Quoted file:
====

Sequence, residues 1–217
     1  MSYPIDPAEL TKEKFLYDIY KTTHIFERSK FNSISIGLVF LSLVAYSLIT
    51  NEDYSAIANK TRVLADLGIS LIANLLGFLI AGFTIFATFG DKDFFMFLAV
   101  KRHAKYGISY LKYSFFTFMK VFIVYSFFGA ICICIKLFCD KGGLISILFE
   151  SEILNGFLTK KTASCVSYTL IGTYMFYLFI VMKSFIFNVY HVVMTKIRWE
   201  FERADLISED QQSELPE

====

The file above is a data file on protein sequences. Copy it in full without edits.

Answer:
Sequence, residues 1–217
     1  MSYPIDPAEL TKEKFLYDIY KTTHIFERSK FNSISIGLVF LSLVAYSLIT
    51  NEDYSAIANK TRVLADLGIS LIANLLGFLI AGFTIFATFG DKDFFMFLAV
   101  KRHAKYGISY LKYSFFTFMK VFIVYSFFGA ICICIKLFCD KGGLISILFE
   151  SEILNGFLTK KTASCVSYTL IGTYMFYLFI VMKSFIFNVY HVVMTKIRWE
   201  FERADLISED QQSELPE